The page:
This post will be me very much thinking out loud – grappling with some questions, looking for feedback. So please share your thoughts about what I am saying. I am not committed to them, but just exploring some ideas.
Yesterday, during our church service, we sang “I Am Coming to the Cross” (#307 in the SDA Hymnal) for our opening hymn. The first line of the last verse got me thinking, causing me to start exegeting what the hymn writer was saying:
Jesus Comes! He fills my soul! Perfected in Him I am.
What, exactly, does he mean that “perfected in Him I am”?
It seems that this is our typical thinking: when God is considering my eternal destiny and looks at me, a wretched sinner, He instead looks at Jesus and sees His perfection and righteousness and thus, in a legal and forensic sense, I am justified and let off the hook because Christ, as my Substitute, was Himself perfect and died on my behalf. I thus don’t have to worry about being perfect or righteous myself; Christ was perfect and righteous for me.
Even a quote from Ellen White that I had included in my sermon yesterday, from that classic Steps to Christ, seems to bolster this model. “If you give yourself to Him,” she writes, “and accept Him as your Saviour, then, sinful as your life may have been, for His sake you are accounted righteous. Christ’s character stands in place of your character, and your are accepted before God just as if you had not sinned” (p. 62).
But it all of a sudden dawned on me that perhaps there is another way of looking at it (which doesn’t contradict Ellen White’s statement, but is simply another understanding of it). What if, instead of God looking at Christ and saying, “All right – Christ was righteous instead of him; I’ll let him off the hook for Jesus’s sake,” He actually does still look at Christ but instead says, “Oh, Jesus is a human being who lived a perfect life and thus represents the potential of what a faithful life looks like. I will not hold Shawn’s sins against him because I see that his life of faith will eventually look like Jesus’s life of faith”?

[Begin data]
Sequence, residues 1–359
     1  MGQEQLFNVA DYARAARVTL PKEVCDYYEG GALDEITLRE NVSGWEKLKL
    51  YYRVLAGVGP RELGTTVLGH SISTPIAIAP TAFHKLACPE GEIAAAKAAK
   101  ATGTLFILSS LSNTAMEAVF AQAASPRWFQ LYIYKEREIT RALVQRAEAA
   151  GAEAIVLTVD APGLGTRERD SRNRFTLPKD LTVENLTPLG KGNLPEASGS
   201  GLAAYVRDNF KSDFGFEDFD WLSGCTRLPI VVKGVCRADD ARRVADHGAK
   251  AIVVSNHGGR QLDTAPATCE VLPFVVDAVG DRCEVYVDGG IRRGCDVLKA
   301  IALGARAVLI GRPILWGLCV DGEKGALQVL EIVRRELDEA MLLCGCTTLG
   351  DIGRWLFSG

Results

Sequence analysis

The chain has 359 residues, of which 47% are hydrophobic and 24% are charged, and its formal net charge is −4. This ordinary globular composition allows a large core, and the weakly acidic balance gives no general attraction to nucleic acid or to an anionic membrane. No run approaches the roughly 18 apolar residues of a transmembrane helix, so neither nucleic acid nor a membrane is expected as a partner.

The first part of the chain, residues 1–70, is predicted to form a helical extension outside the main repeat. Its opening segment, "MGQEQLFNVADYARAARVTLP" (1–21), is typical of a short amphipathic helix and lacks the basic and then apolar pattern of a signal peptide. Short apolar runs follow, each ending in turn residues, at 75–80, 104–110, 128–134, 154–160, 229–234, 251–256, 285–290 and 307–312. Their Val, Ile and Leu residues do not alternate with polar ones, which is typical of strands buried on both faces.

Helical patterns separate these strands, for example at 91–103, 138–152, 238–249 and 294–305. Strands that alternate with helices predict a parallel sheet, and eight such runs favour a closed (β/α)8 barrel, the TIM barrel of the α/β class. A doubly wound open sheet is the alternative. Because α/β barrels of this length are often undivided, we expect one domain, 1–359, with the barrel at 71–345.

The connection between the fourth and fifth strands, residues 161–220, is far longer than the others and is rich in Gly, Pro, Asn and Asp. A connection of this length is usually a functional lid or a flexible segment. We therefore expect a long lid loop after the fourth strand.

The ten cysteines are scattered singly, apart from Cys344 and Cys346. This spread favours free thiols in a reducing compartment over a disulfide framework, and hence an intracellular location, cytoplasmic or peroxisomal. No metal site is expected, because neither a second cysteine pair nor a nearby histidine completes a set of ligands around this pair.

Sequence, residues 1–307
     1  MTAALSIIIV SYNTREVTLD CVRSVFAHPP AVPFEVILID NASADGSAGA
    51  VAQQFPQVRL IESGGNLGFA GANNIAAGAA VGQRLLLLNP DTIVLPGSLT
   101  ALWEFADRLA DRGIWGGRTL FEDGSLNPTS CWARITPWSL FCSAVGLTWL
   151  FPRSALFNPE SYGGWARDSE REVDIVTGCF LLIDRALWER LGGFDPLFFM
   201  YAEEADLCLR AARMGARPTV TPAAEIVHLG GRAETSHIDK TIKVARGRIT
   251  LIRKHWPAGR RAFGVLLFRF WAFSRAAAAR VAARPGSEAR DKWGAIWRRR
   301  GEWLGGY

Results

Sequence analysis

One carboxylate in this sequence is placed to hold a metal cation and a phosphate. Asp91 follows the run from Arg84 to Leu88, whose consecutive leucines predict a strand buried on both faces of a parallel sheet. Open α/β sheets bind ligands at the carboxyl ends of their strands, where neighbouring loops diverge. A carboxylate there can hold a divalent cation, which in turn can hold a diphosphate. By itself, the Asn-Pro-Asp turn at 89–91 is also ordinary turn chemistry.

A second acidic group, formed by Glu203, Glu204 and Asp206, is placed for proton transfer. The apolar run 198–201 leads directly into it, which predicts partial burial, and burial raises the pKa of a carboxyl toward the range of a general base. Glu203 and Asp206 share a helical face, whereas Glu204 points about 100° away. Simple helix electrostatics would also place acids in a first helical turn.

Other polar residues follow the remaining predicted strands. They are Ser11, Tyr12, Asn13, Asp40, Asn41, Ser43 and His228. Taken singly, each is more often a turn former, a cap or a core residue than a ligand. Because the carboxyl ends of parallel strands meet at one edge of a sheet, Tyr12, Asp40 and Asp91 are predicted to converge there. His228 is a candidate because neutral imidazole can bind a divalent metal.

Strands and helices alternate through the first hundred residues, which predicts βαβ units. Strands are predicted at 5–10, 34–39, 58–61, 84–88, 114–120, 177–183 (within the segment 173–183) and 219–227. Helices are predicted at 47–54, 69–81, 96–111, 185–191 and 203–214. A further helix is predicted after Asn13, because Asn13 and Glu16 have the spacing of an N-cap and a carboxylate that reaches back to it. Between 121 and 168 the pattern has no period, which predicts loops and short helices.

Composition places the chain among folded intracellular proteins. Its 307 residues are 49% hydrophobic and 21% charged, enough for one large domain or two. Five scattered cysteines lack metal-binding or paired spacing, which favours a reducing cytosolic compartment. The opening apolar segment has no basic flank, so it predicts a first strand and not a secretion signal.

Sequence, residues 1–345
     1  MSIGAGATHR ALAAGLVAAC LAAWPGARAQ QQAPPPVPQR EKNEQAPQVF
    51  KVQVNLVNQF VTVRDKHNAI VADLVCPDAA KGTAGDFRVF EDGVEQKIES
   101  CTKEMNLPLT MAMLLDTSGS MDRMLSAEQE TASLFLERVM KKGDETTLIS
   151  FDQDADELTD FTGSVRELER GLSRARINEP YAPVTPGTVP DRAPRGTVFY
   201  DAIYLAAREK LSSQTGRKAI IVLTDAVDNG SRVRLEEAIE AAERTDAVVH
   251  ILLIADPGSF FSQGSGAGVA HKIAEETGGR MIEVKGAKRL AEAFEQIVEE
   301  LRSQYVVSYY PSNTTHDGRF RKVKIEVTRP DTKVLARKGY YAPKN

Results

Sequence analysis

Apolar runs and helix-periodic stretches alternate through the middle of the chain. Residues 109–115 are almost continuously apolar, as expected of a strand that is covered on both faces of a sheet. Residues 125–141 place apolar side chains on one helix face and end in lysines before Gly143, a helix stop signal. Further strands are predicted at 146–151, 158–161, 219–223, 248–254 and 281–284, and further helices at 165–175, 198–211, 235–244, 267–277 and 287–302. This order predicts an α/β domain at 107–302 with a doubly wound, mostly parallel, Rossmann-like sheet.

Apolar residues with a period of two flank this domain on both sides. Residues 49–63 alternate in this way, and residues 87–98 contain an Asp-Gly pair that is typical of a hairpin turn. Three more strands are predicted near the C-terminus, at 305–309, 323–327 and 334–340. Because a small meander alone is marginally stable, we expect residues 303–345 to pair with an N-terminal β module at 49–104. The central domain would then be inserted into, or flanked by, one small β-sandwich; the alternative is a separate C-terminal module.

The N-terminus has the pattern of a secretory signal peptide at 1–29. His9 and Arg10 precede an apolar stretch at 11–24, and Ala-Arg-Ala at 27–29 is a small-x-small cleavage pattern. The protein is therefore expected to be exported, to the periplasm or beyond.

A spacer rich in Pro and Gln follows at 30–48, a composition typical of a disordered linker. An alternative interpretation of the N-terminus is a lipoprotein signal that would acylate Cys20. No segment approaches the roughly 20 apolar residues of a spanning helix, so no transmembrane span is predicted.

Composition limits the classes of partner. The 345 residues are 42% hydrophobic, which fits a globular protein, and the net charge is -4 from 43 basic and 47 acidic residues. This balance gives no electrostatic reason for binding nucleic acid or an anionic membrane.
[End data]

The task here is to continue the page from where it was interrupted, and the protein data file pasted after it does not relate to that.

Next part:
Thus, Christ didn’t simply life a perfect life for us (or instead of us), but as us, prefiguring what all those who are living by faith will experience. His life was thus typical rather than just substitutionary. God looks at me through the eyes of faith, seeing in Christ what I will eventually become as I live by His grace through faith – and is for this reason that God doesn’t hold my sins against me and justifies me. So not only does God see Christ when He looks at me, He sees me when He looks at Christ.
This is how Paul can say that we are “justified . . . by the faith of Jesus” (Galatians 2:16). Our lives are justified, not because of our faith, but because of the life of faith that Jesus lived which typifies what our lives will look like by His grace. We are also justified by God’s faith because He looks at us through His eyes of faith, believing that our lives will bear a resemblance to Christ’s life of faith.